The nature of employment and the way Americans work has changed dramatically in the span of just two generations. Back then, changing companies, much less career tracks, was almost unheard of and very much frowned upon. Fast forward to today, and we find that research from Freelancers Union pegged the number of freelance contractors working in the U.S. at more than 53 million -- just over a third of the national workforce.
Flexibility, adaptability and the ability to quickly move up the “learning curve” have gained much value in an increasingly globalized labor market and highly specialized and services-driven U.S. economy. Flextime and working from home, as well as freelancing, are much more common. Similarly, more Americans are choosing or have little or no choice but to change companies and shift job types over the course of their working lives.
Temporary employment agencies have seen their businesses expand tremendously as a result. Innovative startups such as Jobbatical are taking things a step further. Looking to match qualified individuals with young, growing startups, Jobbatical offers paid internships and temporary employment, typically from six months to one year in duration, to young job seekers the world over.
In turn, this has driven labor costs down and shifted the balance between labor and capital decidedly in the favor of capital. It also enabled multinationals to hire workers, as well as invest in fixed assets such as manufacturing plants, pretty much wherever they deem provides the greatest value.
Furthermore, many young adults with college and post-graduate degrees are looking for more than a job that pays well – they're searching for rewarding work with companies that help better society and promote environmental sustainability.
A young, successful Estonian inventor and entrepreneur, Karoli Hindricks, her brother Ronald and Allan Mäeots co-founded Jobbatical to provide a means by which young adults could gain valuable work experience by taking on paid, short-term employment with startup companies looking to hire and grow. Raising an initial $250,000 from a diverse, international group of angel investors, a beta version of Jobbatical went live in October 2014.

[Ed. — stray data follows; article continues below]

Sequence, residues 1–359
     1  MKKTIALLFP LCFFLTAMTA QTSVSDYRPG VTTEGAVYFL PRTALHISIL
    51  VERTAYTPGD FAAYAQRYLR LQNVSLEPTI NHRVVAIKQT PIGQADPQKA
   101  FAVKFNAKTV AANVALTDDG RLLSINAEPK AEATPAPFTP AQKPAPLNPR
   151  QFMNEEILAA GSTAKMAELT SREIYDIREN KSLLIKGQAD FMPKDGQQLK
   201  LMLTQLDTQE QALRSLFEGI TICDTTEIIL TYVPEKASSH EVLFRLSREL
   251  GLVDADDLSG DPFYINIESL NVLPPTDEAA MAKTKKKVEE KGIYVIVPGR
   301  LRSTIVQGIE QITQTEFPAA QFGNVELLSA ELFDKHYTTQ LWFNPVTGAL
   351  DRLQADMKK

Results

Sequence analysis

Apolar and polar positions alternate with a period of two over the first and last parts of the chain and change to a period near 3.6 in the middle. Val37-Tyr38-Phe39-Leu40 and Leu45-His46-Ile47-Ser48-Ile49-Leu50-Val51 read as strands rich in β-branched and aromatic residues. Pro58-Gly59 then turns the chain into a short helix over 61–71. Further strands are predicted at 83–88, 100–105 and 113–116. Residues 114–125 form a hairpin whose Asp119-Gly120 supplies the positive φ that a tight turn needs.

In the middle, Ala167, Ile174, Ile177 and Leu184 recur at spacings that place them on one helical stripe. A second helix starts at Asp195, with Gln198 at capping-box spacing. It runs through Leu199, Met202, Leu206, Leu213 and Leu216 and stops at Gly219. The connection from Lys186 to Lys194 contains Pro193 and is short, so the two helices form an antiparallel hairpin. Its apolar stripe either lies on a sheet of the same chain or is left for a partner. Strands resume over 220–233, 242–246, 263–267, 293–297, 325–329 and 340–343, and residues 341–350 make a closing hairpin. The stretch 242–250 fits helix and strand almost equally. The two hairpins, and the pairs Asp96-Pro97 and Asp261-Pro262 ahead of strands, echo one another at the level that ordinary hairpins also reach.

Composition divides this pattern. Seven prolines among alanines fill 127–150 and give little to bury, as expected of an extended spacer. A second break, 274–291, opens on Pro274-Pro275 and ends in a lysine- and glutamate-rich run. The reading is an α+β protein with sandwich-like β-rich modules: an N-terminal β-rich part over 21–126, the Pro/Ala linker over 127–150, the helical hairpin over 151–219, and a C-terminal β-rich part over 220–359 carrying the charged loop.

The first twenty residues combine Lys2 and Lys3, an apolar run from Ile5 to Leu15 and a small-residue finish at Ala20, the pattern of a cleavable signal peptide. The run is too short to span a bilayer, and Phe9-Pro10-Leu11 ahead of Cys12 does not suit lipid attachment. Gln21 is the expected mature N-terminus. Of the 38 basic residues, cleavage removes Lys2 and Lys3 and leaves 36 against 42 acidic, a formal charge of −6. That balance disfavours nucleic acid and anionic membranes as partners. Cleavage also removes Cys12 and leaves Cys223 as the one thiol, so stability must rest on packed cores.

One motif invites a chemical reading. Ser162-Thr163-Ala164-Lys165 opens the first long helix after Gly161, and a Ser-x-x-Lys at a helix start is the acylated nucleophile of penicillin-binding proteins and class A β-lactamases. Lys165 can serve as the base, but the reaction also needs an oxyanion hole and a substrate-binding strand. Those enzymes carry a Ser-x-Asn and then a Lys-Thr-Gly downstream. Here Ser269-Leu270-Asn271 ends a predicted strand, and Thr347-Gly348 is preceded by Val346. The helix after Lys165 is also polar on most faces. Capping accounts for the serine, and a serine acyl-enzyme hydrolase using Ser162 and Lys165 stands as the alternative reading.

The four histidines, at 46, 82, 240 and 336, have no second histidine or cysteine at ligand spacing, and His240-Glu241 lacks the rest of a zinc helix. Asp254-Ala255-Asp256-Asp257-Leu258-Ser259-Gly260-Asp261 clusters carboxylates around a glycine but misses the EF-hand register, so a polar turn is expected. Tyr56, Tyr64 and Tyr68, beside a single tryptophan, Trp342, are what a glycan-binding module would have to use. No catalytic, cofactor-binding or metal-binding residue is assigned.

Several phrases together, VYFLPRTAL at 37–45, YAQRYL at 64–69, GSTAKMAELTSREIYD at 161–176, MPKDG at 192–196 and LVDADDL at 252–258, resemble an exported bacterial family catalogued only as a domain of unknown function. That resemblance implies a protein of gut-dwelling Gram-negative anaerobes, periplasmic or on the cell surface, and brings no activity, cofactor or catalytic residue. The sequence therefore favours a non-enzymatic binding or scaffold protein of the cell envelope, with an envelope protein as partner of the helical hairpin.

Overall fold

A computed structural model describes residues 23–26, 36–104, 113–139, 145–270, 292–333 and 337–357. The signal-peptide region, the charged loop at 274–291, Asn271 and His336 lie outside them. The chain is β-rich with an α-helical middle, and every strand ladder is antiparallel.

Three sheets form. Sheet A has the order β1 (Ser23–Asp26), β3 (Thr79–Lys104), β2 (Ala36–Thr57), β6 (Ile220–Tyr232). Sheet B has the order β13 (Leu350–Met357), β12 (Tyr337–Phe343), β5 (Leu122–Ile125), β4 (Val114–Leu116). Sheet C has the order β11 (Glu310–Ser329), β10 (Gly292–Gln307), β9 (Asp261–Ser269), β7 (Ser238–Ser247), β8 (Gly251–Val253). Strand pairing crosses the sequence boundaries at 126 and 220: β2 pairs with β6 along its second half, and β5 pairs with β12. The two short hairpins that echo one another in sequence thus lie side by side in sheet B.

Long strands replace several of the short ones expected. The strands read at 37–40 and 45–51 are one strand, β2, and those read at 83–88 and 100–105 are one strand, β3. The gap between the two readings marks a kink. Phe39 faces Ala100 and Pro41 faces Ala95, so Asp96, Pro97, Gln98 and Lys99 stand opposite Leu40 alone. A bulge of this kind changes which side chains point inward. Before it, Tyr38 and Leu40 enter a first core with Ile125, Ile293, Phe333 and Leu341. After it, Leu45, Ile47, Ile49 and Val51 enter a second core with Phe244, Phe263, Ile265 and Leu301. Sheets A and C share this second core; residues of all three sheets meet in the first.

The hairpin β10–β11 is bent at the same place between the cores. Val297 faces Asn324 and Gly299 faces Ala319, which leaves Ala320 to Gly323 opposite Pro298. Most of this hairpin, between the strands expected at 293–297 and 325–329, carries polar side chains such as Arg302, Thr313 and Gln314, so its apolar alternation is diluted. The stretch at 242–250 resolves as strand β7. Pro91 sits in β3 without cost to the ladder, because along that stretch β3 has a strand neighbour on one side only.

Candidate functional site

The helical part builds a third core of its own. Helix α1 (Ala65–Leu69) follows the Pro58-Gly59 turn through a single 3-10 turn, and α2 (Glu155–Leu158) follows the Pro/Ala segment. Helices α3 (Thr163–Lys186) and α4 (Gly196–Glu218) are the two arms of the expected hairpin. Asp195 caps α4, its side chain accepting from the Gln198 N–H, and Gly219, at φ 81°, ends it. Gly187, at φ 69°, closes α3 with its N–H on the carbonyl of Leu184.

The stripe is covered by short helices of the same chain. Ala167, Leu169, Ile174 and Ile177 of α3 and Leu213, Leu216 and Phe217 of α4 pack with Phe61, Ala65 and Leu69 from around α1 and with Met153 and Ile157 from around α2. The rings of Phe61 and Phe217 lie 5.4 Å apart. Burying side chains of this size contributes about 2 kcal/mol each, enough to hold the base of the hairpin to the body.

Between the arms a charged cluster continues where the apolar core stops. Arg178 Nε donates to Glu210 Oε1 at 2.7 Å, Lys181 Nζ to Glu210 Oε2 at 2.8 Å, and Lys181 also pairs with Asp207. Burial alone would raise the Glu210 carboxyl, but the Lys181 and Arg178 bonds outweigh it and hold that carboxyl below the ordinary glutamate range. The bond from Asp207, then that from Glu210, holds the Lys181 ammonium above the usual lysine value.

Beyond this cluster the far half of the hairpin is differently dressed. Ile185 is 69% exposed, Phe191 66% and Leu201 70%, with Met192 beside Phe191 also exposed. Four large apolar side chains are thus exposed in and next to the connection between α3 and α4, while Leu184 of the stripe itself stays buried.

Some 7,000 indviduals and more than 600 employers have joined the Jobbatical community to date. “Jobbaticals” typically run from six months to one year, Marketing Chief Isabel Machiko Hirama explained in an interview. Though temporary, they can, and have, resulted in full-time employment. “Jobbaticals,” she said, “are sort of like dating before marriage – a six-month or one-year date.”
Jobbatical employers tend to be startups in the Internet and high-tech sectors looking to develop and grow. They include some high-profile European companies such as Transferwise.
In addition to the freelancing trend, Jobbatical aims to tap into labor markets in emerging high-tech hubs. Most Jobbatical listings are for on-site positions, though some are remote or require periodic visits. Some employers offer Jobbatical seekers a choice of working in international cities, including Barcelona and Shanghai.
Companies based in Singapore, in fact, have posted the most Jobbatical openings. Singapore and other countries, such as Slovenia, she continued, really aren't on job seekers' radars.
Young Estonian companies are using Jobbatical to find qualified job candidates for temporary assignments as well. “Estonia,” Hirama pointed out, “is really a high-tech country – the government has enabled everyone to do practically everything online, from paying taxes to voting ... There's almost no bureaucracy, and there's a growing tech startup scene.”
Jobbatical is also developing a premium service for employers, Hirama continued. For a bit more, Jobbatical will screen candidates and forward a short-list on to employers given just a “bare bones” job description. Looking further ahead, Jobbatical aims to develop an online payment service. Jobbatical itself is also looking to hire.
*Image credits: 1) Ryan Robinson; 2) Edelman Berland, Intelligent Engagement for Freelancers Union
An experienced, independent journalist, editor and researcher, Andrew has crisscrossed the globe while reporting on sustainability, corporate social responsibility, social and environmental entrepreneurship, renewable energy, energy efficiency and clean technology. He studied geology at CU, Boulder, has an MBA in finance from Pace University, and completed a certificate program in international governance for biodiversity at UN University in Japan.